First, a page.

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Reports are coming out of Georgia that prison guards have retaliated with violence in response to the Georgia Prison strike that took place last month.

According to Georgia State NAACP President Edward Dubose, inmates have been beaten with hammers and other foreign objects allegedly in retaliation for their participation in the strike. President Dubose says that one inmate has been beaten beyond recognition and another has suffered significant brain damage.

“They said they [officers] were hitting inmates with hammers,” Williams told The Atlanta Journal-Constitution. “They [guards] said an inmate was trying to escape.”

The Department of Corrections has remained stoic and silent on the matter, even to the point of denying that a prison strike ever took place. But advocates for inmate human rights have argued all along that the conditions in Georgia prisons are simply unacceptable.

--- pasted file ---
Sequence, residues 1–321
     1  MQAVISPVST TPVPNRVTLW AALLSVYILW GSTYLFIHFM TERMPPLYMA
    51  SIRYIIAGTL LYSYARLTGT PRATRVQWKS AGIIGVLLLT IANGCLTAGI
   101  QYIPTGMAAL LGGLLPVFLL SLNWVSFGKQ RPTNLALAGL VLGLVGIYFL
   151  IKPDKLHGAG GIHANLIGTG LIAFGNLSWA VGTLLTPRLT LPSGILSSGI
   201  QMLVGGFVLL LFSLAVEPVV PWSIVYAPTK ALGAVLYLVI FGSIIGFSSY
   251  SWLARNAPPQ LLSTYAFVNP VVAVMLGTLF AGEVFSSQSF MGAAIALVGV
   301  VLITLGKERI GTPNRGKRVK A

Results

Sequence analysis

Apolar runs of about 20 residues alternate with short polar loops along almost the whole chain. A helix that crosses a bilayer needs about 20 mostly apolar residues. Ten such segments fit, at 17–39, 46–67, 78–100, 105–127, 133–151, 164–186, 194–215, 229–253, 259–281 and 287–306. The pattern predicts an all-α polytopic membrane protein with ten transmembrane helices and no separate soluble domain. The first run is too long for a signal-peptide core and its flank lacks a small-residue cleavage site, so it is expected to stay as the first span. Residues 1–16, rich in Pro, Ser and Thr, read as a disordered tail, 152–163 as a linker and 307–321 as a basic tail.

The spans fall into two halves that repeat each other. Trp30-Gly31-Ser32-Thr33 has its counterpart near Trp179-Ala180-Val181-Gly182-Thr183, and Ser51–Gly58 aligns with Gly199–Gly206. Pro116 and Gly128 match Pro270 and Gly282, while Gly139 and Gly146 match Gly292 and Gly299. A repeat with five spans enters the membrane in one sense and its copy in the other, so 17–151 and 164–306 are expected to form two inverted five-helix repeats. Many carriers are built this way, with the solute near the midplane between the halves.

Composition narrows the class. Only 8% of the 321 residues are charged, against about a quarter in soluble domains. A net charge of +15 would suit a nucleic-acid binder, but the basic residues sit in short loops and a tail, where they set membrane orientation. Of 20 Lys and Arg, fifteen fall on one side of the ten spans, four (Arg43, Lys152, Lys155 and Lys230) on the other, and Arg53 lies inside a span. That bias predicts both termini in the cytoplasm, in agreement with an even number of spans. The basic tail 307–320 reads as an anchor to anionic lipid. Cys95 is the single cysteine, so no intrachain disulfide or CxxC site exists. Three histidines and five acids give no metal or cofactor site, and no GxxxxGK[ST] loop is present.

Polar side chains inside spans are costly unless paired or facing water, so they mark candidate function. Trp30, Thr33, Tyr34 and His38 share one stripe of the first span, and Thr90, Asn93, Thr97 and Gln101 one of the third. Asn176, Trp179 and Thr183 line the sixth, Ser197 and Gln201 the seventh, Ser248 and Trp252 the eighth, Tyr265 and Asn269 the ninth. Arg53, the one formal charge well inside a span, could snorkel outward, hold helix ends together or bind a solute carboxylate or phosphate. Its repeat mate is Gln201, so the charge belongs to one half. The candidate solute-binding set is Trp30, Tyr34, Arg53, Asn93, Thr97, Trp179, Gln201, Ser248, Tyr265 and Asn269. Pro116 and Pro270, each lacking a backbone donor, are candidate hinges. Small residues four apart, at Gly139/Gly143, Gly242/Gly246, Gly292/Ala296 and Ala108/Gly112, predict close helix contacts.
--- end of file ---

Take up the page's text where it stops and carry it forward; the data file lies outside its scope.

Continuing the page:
“Family members are frantic and mothers are crying and anguished after learning their loved ones have been badly injured. We cannot allow those cries to go unanswered,” said President Dubose. “Since the start of the December 9 peaceful work stoppage and appeal for reform and respect for human rights, some inmates have been targeted and others have simply disappeared. We are urging the Department of Corrections and Governor-Elect Nathan Deal to act now to halt these unjust practices and treat these men like human beings.”

In the course of the strike, the inmates demanded access to education, better healthcare, fair parole decisions, the right to a fair wage for their work (which is currently unpaid), job training programs and an escape from cruel and unusual punishment. Although inmates are not paid for their labor, many of them are charged for routine healthcare and phone calls to their families. Some have argued that it is inconsistent for someone who is unpaid for their work to be expected to pay for prison services. In a conversation I had with President Dubose, he mentioned that there are reports of inmates even being forced to shine shoes for guards and give them haircuts, which he connects to a form of slavery.

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